Senior Member
    Join Date
    Dec 2003
    Location
    Pacific Northwest
    Posts
    1,675
    Good Evening

    I love the command line approach, however you can eliminate much of your search by employing some sort of “Change Control” even on your home network.

    There are multitudes of Integrity Monitors online. Just pop "Integrity Monitor" into your favorite search engine and select one that best fits your needs. For brevity I only listed two.

    One of those programs is GFI LANguard System Integrity Monitor it comes with the ability to determine with files have been changed, deleted or added to Win XP & 2000.

    Another similar program is WinPatrol "WinPatrol sniffs out worms, adware, keyloggers, spyware, cookies, and Trojan horses...it uses a heuristic approach, taking a snapshot of your critical system resources, then alerting you to any changes that occur without your knowledge."

    cheers
    Connection refused, try again later.

  4. #4
    Dissident 4dm1n brokencrow's Avatar
    Join Date
    Feb 2004
    Location
    Shawnee country
    Posts
    1,242
    Thanks, foxey, Relyt. A buddy of mine swears by Deep Freeze. I like to keep things really really thin so I haven't tried it yet.

    p.s. -- I'm not sure of the ettiquette of editing your own tutorials, but re-reading my post had me thinking I didn't emphasize the "homework" side enough, so I just added paragraph #4.
    “Everybody is ignorant, only on different subjects.” — Will Rogers

  5. #5
    The Doctor Und3ertak3r's Avatar
    Join Date
    Apr 2002
    Posts
    2,744
    A good pointer to the basics.. Manual removal is what many of us need to do.. we have no option..

    A few points here:
    POINT 1: Live CD's.. One tools that is a must when cleaning infected PC's is REMOTE REGISTRY EDITOR's..
    It is one thing to remove all the Malware, but if a registry key has been entered that sets a auto download..

    You will find that I promote The BART-PE live CD's, Iron Geek has a excellent tutorial here and on his home site.. (this tool is handy as your not having to worry about NTFS/FAT32)...

    I find keeping the number of tools to a minimum reduces the confusion, and manually removing files helps keep your witts about you when glancing over a system.. the more you do, the sharper your witts are. And you have the reliability over the auto tools that may still be a week or two from having the bug in their updates..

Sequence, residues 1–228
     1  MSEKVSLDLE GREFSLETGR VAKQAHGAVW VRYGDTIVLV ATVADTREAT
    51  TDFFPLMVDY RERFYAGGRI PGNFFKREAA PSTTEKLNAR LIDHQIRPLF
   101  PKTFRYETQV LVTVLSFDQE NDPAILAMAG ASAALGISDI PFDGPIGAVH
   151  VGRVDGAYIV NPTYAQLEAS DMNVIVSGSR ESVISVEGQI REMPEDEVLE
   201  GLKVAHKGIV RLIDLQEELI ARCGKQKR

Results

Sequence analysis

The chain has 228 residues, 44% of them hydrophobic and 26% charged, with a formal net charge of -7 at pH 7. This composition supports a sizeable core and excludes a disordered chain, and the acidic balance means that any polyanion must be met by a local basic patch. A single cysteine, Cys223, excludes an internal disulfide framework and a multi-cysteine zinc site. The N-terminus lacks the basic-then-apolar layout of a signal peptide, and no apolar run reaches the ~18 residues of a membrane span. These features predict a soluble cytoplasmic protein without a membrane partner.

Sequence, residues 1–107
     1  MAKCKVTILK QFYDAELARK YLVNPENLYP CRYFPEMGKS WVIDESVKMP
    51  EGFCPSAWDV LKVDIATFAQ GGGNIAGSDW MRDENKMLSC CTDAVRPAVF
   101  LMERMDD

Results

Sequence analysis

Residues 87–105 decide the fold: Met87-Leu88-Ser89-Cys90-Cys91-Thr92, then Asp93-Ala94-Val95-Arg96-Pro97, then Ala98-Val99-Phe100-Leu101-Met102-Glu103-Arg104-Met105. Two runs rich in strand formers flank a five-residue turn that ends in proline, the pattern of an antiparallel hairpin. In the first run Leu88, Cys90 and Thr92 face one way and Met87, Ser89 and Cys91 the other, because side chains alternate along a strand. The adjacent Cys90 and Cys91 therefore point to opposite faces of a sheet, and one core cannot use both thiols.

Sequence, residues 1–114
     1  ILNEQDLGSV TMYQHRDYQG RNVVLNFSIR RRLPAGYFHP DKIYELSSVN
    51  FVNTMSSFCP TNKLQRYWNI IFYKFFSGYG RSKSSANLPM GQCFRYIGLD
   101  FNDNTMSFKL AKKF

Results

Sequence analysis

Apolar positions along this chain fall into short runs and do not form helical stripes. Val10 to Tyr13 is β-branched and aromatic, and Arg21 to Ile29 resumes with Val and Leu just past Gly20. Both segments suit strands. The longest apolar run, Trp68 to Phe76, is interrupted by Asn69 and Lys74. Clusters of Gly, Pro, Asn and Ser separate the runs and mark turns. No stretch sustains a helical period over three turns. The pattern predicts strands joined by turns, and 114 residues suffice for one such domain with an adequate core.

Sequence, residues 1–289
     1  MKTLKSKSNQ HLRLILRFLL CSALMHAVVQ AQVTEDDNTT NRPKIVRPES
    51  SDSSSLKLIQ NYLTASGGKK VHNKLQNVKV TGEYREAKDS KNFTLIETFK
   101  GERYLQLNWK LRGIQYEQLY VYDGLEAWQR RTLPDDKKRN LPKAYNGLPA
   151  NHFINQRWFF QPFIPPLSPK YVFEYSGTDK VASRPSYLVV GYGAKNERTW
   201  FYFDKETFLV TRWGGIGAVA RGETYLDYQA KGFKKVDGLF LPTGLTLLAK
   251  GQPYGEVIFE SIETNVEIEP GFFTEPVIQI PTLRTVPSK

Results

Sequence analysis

POINT 2: GOOGLE.. well any search engine thats worth its salt..(your already mentioned..but too many dont seem to use it)

    POINT 3: I am yet to find an Automated Tool that is 100%.. manual removal is a bloody good follow through

    Point 4: Malware (including adware/spyware) removal is like peeling an onion, you do so a layer at a time.. even when using a live CD system, check once with one then another, back to the first, and second again.. (rootkitrevealer has reduced this need).. then into windows and a couple of restarts after a few cleaning followups.. ..
    "Consumer technology now exceeds the average persons ability to comprehend how to use it..give up hope of them being able to understand how it works." - Me http://www.cybercrypt.co.nr

  6. #6
    Dissident 4dm1n brokencrow's Avatar
    Join Date
    Feb 2004
    Location
    Shawnee country
    Posts
    1,242
    Thanks for reminding me of the Win boot disks, Und3ertak3r. Both Bart's PE and ERD Commander are part of my reportoire and are great tools. And I've used them both as I would a live CD. They have a tendendency to hang once in a while when a live CD would not. Certainly they would work in here though.

    There's so many ways and so many tools for manually removing spyware files, someone could probably write a book. Ccleaner has a great registry cleaner built into it. I use it often. My sense on downloads via a registry entry, and this is by no means gospel, is that there's always an accompanying file of some sort on the partition. It might be an obvious dll like ginuerep.dll, or it might be an executable hiding as a tmp or null file. Anything suspect I can run down, it's g-o-n-e.
    “Everybody is ignorant, only on different subjects.” — Will Rogers

  7. #7
    Banned
    Join Date
    Apr 2006
    Posts
    3

    Re:

    Running spyware tools are one of the best methods of removing spyware from a computer. However i would like to add a word of caution. At times the spyware programs would announce files which are not spywares but genuine programs. For example, when I installed a vpn client on my laptop, the spyware program kept bringing 2 files as spywares, while the files were not spywares. So you might also want to research about the file before deleting the file,otherwise genuine application might stop working.The best approach is manual selection and deletion.

    Having said so much I would like to add that the best way is to keep spyware out of your computer. How ? Simple. Do not click on anything and everything you see. If you are a windows user, then create a user with minimum administrative rights while using the pc for day to day activities like surfing, email checking, etc. If you donot know to create a user, then just use the guest account. This will help as well.


    Hope this helps.

Posting Permissions

  • You may not post new threads
  • You may not post replies
  • You may not post attachments
  • You may not edit your posts
  •  

 Security News

     Patches

       Security Trends

         How-To

           Buying Guides